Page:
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Rodrik wrote, "What enabled reform was not a reconfiguration of political power, but the emergence of new strategies. Economic change often happens not when vested interests are defeated, but when different strategies are used to pursue those interests."at http://www.project-syndicate.org/commentary/how-economists-killed-policy-analysis-by-dani-rodrik#v3Z1r4zCXxuVFvxW.99

But what caused the Chinese communists to choose freer markets? After all, the idea had been around for a while. The crisis of the 1960's persuaded Deng and a few other leaders of the Communist party to consider an alternative that might keep so many people from starving to death.

The same goes for the USSR. See Yegor Gaidar's book on the collapse of the USSR.

There are no new ideas. The debate about freedom vs state control is at least as old as Plato (communist) and Aristotle (free market).

Actually, it goes back to Moses (free market) vs pharaoh (state control).

Yet the most robust form of government today and in the history of mankind has been the pharaoh/Plato government controlled economy. Free market economies have been rare and short-lived. Freedom in the US lasted only until about WWI, and didn't exist for Blacks until the 1960's.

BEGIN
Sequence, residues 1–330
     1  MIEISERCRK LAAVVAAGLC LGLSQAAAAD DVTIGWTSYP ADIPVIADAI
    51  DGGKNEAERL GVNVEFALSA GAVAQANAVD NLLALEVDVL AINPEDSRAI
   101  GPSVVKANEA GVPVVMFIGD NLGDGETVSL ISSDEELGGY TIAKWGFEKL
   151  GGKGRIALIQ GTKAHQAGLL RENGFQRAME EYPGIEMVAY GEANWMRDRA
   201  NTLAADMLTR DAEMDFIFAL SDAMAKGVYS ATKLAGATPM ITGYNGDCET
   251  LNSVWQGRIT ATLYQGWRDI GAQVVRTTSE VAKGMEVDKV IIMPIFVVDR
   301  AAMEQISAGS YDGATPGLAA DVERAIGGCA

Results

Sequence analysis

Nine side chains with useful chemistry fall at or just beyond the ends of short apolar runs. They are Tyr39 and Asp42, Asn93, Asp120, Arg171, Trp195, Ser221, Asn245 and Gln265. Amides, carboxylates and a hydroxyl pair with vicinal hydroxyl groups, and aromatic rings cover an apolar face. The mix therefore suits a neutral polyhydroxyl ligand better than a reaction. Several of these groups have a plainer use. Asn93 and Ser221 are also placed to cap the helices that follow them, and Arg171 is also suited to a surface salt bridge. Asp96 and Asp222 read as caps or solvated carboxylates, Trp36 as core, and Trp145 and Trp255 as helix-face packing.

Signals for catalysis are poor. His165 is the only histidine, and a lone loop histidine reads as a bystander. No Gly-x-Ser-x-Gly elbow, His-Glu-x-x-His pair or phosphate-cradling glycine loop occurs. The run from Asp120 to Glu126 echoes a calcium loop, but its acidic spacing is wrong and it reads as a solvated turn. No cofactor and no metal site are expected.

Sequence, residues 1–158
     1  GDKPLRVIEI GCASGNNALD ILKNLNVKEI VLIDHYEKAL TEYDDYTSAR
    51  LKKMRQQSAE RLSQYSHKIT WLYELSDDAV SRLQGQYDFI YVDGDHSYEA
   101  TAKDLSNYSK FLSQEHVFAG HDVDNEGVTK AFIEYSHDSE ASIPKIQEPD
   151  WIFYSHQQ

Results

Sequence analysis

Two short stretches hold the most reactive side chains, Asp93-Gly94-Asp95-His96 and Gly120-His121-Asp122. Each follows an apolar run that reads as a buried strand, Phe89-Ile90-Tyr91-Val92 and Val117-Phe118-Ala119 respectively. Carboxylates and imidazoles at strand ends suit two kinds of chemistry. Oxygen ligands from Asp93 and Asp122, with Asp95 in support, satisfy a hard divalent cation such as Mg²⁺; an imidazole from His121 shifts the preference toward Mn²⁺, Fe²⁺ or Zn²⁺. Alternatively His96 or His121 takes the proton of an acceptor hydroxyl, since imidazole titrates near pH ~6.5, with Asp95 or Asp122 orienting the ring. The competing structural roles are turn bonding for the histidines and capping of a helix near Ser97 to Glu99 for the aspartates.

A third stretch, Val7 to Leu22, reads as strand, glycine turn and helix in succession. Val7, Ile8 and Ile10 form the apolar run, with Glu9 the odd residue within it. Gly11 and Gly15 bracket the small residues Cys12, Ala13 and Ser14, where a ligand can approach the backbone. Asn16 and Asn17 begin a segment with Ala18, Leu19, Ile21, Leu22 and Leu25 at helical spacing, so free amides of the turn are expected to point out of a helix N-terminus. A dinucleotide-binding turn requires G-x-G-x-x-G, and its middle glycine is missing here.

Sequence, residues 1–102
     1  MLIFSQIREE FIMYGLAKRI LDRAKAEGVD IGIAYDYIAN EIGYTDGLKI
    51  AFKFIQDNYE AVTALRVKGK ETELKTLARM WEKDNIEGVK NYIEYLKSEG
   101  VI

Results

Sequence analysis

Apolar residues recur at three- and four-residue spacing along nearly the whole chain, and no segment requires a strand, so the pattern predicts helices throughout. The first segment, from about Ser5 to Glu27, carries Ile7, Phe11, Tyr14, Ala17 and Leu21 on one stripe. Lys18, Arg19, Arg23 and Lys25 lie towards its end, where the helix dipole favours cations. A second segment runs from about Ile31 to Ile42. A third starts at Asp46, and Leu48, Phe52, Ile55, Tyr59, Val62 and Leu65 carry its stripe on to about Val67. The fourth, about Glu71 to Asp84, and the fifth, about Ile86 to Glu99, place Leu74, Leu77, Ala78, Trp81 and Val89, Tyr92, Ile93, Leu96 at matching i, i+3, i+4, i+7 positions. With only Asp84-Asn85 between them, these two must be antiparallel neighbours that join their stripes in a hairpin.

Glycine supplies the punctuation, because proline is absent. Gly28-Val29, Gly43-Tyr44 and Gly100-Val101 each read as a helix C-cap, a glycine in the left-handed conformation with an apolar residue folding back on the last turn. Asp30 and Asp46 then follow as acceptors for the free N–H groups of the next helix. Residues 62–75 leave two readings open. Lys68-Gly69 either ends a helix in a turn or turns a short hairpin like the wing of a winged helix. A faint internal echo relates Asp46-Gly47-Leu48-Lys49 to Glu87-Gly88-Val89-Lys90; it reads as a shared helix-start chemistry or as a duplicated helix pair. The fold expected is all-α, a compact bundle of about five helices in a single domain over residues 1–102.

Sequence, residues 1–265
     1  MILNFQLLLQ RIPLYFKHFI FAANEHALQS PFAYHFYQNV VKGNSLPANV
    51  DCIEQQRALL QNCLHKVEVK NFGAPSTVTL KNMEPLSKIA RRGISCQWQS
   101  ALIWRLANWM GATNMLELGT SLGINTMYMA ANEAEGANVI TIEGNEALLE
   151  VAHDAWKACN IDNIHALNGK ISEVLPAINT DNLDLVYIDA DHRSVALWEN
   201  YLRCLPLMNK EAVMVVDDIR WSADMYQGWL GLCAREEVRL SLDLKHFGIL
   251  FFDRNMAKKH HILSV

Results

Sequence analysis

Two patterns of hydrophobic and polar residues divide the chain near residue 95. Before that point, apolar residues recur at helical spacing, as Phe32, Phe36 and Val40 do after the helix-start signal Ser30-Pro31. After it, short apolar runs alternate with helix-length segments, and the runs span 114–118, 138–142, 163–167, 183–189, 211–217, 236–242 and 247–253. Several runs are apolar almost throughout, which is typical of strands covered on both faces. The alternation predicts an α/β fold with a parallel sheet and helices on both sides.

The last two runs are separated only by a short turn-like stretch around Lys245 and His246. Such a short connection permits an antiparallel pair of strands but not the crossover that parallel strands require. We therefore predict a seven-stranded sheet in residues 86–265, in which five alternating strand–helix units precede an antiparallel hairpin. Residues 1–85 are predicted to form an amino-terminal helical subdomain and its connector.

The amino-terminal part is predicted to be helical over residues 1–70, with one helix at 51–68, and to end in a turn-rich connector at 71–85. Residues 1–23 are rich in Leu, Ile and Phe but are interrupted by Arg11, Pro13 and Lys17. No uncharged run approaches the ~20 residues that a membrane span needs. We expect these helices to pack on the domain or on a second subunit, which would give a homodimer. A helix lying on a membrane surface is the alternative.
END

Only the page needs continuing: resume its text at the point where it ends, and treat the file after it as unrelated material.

Crisis often forces a switch to the idea that is not in power at the time of a crisis, the dominant idea being seen as the cause of the crisis.

But I think the best explanation of which of the old ideas wins at a particular time is found in human nature, especially Schoeck's depiction of human envy (Envy: a Theory of Social Behavior). The elite has always used envy to control the masses.

And as Schoeck points out the West developed because Christianity found a way to subdue envy. Socialism (Plato) elevates envy to a virtue and appeals to most people, even many ignorant Christians.

Most political/economic theories can be classified as 1) appeasing/promoting envy and tending toward state control or 2) subduing envy and leading to freedom.

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